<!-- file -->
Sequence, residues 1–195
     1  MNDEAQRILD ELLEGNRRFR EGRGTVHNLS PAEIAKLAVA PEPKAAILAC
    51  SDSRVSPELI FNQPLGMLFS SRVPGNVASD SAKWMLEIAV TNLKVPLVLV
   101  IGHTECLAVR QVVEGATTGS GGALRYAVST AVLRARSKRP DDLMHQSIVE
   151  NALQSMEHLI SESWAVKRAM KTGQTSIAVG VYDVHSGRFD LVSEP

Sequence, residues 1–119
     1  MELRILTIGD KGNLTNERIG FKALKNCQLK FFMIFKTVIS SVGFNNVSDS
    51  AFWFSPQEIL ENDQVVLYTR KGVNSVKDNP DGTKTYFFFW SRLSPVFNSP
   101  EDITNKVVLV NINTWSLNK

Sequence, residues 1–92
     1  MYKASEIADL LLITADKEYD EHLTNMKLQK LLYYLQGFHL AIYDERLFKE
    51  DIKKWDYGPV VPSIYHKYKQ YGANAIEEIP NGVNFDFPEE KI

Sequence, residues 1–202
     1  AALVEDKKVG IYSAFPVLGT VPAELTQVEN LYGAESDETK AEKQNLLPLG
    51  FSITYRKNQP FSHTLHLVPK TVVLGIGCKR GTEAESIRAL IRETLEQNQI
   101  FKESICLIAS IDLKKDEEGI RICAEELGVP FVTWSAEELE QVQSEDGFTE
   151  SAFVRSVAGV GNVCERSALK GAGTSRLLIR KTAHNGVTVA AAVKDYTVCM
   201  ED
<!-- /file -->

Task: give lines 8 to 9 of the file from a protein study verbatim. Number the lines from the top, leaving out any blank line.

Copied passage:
    51  AFWFSPQEIL ENDQVVLYTR KGVNSVKDNP DGTKTYFFFW SRLSPVFNSP
   101  EDITNKVVLV NINTWSLNK